About Jesus - Steve (Stephen) Sweetman
Contrary to our thinking
and in no uncertain words Jeremiah 17:9 portrays how God views the human
condition, and it does not look pretty.
The verse reads:
"The heart is
deceitful above all things and beyond cure. Who can understand it?"
By virtue of the fact
that God created humankind, He knows the human condition better than we
do, and He says that at the core of who we are is deceitfulness.
We are so deceitful, so depraved, that there is no human cure.
Besides that, we are clueless to know how depraved we really are.
The Hebrew word "aqob"
that is translated as "deceitful" in Jeremiah 17:9 is rooted
in a Hebrew word that is in reference to a hill, a knoll, or some kind
of rising up. In theological
terms, you might say that deceit is the rising up of our sinful nature
that creates our ever-present cultural conflicts.
God's view of the human
condition has not changed in these New Testament times.
The apostle Paul confirmed Jeremiah's words.
Paul, more than anyone reading this article, was a man of God.
Look at how he described himself in Romans 7:24.
"What a wretched
man I am! Who will rescue me from this body that is subject to
Paul viewed his very
essence to be wretched, depraved beyond any human cure.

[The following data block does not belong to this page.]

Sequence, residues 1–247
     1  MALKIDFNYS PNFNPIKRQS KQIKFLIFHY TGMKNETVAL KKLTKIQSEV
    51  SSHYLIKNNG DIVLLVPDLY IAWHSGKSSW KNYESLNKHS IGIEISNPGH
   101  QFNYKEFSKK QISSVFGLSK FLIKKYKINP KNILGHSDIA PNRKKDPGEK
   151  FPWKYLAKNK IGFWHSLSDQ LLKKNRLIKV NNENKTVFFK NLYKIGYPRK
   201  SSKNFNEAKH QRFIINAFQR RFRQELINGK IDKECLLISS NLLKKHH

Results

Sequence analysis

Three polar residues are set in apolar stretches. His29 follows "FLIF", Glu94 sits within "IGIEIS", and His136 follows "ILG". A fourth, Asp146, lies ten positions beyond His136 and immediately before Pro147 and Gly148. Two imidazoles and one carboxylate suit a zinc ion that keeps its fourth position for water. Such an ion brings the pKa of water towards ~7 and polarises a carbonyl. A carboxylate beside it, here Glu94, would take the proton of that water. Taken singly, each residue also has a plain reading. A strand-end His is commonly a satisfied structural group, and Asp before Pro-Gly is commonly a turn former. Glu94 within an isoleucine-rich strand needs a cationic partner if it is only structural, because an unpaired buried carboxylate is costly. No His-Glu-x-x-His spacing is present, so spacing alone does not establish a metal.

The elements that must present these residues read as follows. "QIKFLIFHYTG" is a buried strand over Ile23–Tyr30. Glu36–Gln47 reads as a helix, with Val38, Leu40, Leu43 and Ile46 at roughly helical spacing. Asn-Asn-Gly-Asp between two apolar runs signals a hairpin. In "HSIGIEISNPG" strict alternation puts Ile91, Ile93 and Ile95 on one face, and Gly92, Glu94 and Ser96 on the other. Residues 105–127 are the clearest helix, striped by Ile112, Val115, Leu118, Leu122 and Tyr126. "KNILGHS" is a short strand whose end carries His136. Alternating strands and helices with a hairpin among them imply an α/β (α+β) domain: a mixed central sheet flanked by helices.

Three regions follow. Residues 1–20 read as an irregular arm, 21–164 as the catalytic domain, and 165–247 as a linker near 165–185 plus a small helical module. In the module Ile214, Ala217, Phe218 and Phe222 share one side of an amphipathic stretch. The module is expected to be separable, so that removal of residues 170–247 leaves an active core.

It's also how Jesus viewed the believers in
This does not paint a
pretty picture of humanity, and we certainly don't need a few Bible
verses to paint that pathetic picture.
History, including present events, proves this portrayal to be
our reality. The good news
in the midst of this mess is what Paul wrote in Romans 8:1, which reads:
is now no condemnation for those who are in Christ Jesus,"
Those of us who are
valid born-again-of-the-Spirit Christians will not suffer any form of
condemnation by the Supreme Universal Judge.
For that, we are thankful.
To the degree, then, we
understand our individual depravity will be the degree to which we will
appreciate God's grace, mature as Christians, and relinquish the
destructive prideful arrogance from our lives that is presently causing
much of our cultural conflicts.